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Broadway star Nick Cordero could need double lung transplant after battling coronavirus, wife says

Entertainment Weekly logo Entertainment Weekly 2/7/2020 Ruth Kinane
Nick Cordero wearing a suit and tie: The actor's wife, Amanda Kloots, explained that a double lung transplant would "likely" be necessary for her husband to "live the kind of life [he] would want to live." © Provided by Entertainment Weekly The actor's wife, Amanda Kloots, explained that a double lung transplant would "likely" be necessary for her husband to "live the kind of life [he] would want to live."

Broadway star Nick Cordero continues to fight for his life after being diagnosed with coronavirus.

Cordero, who has been hospitalized in Los Angeles for the past three months, remains critically ill even after recovering from COVID-19 and having his leg amputated due to complications from the virus. During an interview with CBS This Morning on Thursday, Cordero's wife, Amanda Kloots, told co-host Gayle King that the "ultimate goal" is for her husband to get a double lung transplant. “We think that that is most likely the possibility,” Kloots told King. “A 99 percent chance that he would be needing that in order to live the kind of life that I know my husband would want to live,” she said, adding that “a lot of things would have to line up in order for Nick to be a candidate” for a transplant.

The Broadway actor — known for his roles in Waitress, Rock of Ages, A Bronx Tale, and Bullets Over Broadway —contracted COVID-19 in March and has faced several health setbacks, including a leg amputation, a temporary pacemaker, lung damage, and the insertion of a tracheostomy tube. Though he is no longer in a coma, Cordero is mostly immobile, and only able to communicate through eye movements.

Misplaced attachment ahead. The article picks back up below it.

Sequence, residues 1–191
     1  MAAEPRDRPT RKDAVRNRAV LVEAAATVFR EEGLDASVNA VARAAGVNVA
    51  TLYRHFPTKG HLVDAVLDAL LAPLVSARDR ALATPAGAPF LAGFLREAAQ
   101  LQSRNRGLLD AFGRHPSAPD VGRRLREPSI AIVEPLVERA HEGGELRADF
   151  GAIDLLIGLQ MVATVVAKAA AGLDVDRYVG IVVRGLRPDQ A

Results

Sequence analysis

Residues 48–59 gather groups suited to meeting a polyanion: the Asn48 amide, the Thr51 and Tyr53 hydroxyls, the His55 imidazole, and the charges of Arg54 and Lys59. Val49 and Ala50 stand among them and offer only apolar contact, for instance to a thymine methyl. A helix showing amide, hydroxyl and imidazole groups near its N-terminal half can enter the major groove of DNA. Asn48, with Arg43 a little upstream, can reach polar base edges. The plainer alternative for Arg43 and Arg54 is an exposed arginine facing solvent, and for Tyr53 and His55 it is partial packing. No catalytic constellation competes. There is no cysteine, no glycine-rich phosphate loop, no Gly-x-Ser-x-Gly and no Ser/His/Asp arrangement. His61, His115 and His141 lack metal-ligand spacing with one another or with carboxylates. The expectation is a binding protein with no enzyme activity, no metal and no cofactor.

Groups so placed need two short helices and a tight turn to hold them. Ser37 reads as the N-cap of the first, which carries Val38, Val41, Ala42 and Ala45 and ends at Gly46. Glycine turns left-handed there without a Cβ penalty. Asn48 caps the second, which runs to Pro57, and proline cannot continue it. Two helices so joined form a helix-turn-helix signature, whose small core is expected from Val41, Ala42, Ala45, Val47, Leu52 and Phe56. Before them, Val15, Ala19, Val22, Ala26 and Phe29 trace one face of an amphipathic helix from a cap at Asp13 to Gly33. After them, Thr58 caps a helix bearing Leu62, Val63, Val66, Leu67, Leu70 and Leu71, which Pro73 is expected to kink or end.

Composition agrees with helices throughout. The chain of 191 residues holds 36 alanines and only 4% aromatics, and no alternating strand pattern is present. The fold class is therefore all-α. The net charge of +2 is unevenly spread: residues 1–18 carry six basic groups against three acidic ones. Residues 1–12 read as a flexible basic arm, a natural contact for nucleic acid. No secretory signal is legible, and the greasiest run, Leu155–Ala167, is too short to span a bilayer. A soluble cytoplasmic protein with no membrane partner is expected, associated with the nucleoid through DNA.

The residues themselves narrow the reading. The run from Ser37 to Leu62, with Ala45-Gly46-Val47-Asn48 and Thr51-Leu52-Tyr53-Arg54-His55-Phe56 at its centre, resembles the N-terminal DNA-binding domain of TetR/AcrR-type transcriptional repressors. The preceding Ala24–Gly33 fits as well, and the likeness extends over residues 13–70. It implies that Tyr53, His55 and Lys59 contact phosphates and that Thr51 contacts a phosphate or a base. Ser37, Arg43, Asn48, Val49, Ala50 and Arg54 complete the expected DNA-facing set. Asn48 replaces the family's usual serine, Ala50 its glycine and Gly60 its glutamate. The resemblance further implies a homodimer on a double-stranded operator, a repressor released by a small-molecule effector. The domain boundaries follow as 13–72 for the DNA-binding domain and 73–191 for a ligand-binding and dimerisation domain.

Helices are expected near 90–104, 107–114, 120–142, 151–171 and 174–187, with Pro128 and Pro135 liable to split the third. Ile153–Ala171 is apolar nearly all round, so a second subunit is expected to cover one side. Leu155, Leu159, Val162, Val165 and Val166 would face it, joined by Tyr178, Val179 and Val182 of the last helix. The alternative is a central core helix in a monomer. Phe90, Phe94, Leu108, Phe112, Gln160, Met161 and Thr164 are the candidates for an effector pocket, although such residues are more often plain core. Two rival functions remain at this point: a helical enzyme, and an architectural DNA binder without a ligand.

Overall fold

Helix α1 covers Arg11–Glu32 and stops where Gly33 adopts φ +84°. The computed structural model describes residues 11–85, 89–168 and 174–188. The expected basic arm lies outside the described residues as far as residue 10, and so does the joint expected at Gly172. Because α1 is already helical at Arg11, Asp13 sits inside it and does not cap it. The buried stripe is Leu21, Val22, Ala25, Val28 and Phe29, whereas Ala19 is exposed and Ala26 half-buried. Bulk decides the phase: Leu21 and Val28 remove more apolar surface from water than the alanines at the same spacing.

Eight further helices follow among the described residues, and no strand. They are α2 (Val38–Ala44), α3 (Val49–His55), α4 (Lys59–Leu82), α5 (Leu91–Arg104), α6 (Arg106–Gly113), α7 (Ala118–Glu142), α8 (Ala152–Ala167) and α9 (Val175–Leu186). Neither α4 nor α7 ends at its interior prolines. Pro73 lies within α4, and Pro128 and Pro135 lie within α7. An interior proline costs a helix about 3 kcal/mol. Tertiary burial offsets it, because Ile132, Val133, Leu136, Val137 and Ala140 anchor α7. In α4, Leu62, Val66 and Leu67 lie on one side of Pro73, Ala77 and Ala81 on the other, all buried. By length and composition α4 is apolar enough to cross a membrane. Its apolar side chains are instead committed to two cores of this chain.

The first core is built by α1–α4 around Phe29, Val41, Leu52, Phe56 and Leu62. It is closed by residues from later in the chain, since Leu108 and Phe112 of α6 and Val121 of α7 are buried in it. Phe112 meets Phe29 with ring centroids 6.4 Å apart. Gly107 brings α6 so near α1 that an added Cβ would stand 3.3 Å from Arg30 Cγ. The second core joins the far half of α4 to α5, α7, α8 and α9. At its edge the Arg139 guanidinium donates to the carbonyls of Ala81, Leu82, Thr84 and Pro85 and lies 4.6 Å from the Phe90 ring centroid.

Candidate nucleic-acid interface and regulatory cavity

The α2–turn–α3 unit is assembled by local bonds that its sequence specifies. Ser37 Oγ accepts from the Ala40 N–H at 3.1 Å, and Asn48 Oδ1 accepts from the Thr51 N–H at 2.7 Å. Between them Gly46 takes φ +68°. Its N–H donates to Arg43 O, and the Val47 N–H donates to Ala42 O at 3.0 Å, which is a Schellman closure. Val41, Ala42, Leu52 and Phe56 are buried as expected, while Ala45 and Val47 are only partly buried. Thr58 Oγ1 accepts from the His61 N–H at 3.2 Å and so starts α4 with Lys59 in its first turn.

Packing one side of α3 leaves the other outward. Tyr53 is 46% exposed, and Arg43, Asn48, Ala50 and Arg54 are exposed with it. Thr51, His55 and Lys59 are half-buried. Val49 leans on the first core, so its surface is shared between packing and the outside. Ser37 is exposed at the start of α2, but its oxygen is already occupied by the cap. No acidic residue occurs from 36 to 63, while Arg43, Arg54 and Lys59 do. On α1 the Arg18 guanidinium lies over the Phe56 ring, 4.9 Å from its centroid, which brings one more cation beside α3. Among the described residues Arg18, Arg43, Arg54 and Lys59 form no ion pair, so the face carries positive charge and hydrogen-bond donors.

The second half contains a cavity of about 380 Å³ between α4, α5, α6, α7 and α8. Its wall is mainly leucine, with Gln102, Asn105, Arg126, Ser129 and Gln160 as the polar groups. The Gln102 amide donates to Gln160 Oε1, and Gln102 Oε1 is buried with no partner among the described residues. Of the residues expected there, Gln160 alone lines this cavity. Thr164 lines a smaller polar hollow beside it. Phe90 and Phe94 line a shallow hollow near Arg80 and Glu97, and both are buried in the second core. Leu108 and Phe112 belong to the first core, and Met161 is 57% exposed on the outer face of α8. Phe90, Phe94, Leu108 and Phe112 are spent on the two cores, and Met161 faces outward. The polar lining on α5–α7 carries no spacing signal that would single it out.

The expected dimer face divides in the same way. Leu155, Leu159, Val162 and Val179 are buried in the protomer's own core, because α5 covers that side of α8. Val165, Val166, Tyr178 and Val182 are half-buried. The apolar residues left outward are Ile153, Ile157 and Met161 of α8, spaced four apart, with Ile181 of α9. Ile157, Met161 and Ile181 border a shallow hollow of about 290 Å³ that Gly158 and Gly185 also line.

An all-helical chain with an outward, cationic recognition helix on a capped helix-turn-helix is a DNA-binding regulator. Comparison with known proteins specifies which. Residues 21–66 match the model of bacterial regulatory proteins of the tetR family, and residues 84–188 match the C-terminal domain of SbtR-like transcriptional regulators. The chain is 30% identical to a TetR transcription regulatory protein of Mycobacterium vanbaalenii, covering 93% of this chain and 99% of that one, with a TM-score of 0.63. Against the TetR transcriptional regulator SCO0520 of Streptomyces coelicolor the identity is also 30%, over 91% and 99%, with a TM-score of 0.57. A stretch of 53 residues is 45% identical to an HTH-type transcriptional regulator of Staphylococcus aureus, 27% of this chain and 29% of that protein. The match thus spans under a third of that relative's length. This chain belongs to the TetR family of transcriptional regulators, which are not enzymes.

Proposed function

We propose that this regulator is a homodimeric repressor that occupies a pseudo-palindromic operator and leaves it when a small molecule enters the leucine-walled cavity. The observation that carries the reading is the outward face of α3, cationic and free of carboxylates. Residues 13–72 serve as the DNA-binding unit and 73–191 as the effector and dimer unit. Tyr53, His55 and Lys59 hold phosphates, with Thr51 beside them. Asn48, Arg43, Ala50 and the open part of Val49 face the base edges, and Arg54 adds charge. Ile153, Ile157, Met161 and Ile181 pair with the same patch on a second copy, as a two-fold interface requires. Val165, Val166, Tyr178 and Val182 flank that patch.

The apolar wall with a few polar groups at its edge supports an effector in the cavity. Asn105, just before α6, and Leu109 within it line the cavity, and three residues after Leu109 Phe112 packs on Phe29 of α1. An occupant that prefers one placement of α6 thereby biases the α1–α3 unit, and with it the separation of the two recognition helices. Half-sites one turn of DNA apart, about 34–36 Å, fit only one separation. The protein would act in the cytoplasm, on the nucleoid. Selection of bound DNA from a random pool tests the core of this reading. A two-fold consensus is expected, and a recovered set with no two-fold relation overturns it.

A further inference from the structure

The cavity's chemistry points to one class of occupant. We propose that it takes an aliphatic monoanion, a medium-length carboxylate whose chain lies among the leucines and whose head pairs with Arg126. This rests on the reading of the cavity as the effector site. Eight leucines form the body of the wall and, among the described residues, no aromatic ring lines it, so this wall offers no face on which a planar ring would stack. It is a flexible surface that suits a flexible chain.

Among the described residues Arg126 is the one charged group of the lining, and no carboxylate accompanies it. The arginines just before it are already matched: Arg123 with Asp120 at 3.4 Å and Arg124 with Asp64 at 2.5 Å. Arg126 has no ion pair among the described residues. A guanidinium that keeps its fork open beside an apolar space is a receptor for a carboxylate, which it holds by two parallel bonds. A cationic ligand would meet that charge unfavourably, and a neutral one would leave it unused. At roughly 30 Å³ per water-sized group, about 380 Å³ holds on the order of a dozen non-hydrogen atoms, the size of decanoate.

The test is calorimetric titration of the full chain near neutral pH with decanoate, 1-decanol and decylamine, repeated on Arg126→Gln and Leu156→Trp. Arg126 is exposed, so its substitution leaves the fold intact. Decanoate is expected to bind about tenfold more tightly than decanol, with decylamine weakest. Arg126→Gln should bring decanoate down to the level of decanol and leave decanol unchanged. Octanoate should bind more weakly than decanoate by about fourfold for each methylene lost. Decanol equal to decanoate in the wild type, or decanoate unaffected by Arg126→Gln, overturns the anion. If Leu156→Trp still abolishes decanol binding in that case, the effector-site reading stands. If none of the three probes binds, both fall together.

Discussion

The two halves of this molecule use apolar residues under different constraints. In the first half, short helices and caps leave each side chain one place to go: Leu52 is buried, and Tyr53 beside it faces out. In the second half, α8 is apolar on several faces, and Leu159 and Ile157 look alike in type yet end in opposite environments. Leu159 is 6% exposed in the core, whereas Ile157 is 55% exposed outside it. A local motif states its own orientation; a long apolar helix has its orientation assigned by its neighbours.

Kloots, who has kept fans up to date with her husband's condition via social media, told King her family had been an "amazing" support during these difficult times. “I’m living with my family and, you know, I came home the other day really feeling, you know, just kind of exhausted and sad," she told King. "And I let it out. I screamed and I cried in front of my parents. … You have to have those days. You have to break down. That’s only natural. You know, I am a strong person, but even strong people break. And that’s okay. You have to break down so that you can build yourself up again.”

For the latest information on coronavirus (COVID-19), including how to protect yourself and what to do if you think you are sick, please visit coronavirus.gov.

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